Make Your Lunch More Often
“Ask not what you can do for your country. Ask what’s for lunch.”
- Orson Welles
“I love this Challenge. When I did this Challenge it really made me think about my lunch choices and what I was eating, and I saved money.” -JadeDaRu
What’s In & What’s Out
- Making your lunch means cooking it or assembling it.
- Packing a Lunchable or frozen meal like Lean Cuisine does not count.
- Canned soup doesn’t count, unfortunately. It’s easy to cook your own—black beans, a handful of kale, and some seasoning makes a delicious soup!
- Assembling ingredients you buy at the farmer’s market or grocery store is fine, as long as it’s not an entire pre-made dish, like farmers market pizza (which we love too, but doesn’t count as something your make yourself).
- If you are short on time, making a salad at the Whole Foods salad bar on your way into work counts, but buying a pre-made reheatable lasagna or a deli sandwich does not count. The idea is to prepare the food yourself, so you know what’s in it, and have taken a few minutes to think about what you’re putting into your body.
- If you slip, no biggie. Slipping means you’re trying, which is what counts! You can get back on track tomorrow.
Why This Is A Good Idea
Use lunch as your healthy secret weapon—prepping lunch at home saves time, protects your wallet, and lets you take control of what’s in your food. It also protects your waistline, as those who eat out even four times per week gain an additional eight pounds every year according to the CDC.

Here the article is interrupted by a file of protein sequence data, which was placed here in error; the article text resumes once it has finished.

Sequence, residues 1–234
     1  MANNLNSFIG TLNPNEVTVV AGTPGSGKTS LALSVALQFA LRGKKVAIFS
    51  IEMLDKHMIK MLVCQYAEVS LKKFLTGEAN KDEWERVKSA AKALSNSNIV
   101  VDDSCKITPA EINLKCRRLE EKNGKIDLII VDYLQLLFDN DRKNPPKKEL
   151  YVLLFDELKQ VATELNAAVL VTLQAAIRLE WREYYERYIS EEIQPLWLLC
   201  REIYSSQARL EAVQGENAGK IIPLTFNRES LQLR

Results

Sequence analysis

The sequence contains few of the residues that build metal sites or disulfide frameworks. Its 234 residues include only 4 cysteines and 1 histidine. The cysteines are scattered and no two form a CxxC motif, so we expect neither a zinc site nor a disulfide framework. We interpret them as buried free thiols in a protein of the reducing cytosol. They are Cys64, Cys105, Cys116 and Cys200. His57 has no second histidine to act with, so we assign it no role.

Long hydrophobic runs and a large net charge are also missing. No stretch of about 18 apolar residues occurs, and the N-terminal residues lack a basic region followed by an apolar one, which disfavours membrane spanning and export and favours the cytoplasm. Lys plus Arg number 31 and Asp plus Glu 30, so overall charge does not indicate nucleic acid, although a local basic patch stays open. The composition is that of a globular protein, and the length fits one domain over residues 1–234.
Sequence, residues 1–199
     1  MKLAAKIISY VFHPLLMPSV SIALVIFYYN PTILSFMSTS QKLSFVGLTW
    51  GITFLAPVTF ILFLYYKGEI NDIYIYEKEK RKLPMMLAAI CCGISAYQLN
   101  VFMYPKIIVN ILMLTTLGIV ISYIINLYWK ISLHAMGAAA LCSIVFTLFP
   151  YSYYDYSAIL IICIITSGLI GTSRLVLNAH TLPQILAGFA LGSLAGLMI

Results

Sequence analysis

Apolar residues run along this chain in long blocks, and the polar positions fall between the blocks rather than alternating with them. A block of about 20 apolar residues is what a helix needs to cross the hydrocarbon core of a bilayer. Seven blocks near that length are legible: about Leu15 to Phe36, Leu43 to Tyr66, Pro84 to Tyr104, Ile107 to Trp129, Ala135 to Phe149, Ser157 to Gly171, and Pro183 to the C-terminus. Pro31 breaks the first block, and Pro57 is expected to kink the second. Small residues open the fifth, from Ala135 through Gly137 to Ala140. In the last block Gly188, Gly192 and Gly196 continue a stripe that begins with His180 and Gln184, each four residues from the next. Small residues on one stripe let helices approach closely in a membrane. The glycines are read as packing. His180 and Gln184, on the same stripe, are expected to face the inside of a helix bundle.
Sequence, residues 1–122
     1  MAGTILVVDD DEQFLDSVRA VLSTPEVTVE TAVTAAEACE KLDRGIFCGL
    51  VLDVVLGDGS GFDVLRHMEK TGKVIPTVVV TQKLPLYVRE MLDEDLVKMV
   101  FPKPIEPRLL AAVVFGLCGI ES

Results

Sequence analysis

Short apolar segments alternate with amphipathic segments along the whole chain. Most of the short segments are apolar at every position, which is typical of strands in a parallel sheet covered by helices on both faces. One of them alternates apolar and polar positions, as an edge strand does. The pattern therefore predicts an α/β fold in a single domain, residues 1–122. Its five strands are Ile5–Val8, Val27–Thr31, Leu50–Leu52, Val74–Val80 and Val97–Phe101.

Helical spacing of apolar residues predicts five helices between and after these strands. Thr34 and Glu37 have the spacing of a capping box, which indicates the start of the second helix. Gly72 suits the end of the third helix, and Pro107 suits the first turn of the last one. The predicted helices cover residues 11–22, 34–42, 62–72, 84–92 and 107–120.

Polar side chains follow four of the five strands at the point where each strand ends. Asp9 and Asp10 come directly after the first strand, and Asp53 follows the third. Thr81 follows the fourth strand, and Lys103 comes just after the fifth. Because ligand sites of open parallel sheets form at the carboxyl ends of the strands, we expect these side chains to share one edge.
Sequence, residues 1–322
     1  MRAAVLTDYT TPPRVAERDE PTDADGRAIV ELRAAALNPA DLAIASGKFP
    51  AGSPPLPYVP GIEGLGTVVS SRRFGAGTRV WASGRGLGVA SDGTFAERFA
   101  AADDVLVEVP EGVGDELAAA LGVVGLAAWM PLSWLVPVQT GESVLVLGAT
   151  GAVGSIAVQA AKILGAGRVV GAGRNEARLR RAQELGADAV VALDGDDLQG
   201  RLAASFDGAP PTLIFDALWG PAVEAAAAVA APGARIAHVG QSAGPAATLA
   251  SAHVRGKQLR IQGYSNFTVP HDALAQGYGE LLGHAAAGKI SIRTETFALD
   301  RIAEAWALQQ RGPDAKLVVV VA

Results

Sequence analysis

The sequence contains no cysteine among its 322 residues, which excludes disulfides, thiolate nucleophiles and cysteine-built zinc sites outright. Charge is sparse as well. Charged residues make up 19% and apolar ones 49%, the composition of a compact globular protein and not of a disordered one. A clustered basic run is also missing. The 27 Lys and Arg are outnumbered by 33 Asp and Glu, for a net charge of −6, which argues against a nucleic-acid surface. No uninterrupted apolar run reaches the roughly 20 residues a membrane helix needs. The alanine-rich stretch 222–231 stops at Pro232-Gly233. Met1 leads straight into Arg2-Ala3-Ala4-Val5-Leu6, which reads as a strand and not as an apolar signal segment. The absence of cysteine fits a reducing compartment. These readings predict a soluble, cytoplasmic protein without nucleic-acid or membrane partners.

Basic Tips & Useful Hints
- Be sure to check in at lunch time each day. Draw a check mark if you made your lunch that day and use a free pass if you ate out or ordered in.
- Keep it simple. Make extra dinner so that you have leftovers to pack for lunch. That way you don’t have to prepare an additional meal. Roasted veggies and a piece of chicken or grilled tofu, soup, stir-fry, and pasta salad are all great as leftovers.
- Cook extra meat, fish, or grilled portobello mushroom, and make a sandwich for lunch. The trick is good whole grain or sourdough bread and a delicious condiment like (good) mayonnaise or aioli, mustard, tapenade or pesto (yes, these all can be purchased in a jar at the grocery store!).
- Lunch doesn’t have to be hot. Make a salad, and bring your dressing in a separate container so the lettuce doesn’t get soggy (unless it’s a kale salad, which only gets better the longer it’s dressed.)
- Try an assembled antipasto lunch with hummus, carrots and cucumbers, cheese, olives, artichoke hearts (from a jar is great), rice crackers, sliced tomato, roasted nuts and a piece of fruit. No cooking involved, and everything can be eaten cold.
- Freeze meals on Sundays for the week ahead, as you would for dinner. Soups, stews, casseroles, chili, spaghetti sauces with fresh veggies, and grains all freeze and reheat incredibly well. Simply freeze your meals in individual serving containers, and put one serving in the fridge the night before to defrost. Bring it to work, and by lunch time it will be ready to heat.
- Canned fish is a great staple to have on hand because it doesn’t have to be cooked, isn’t perishable, and it makes for a delicious, fast, and inexpensive lunch when combined with lettuce and olives and tossed with a vinaigrette.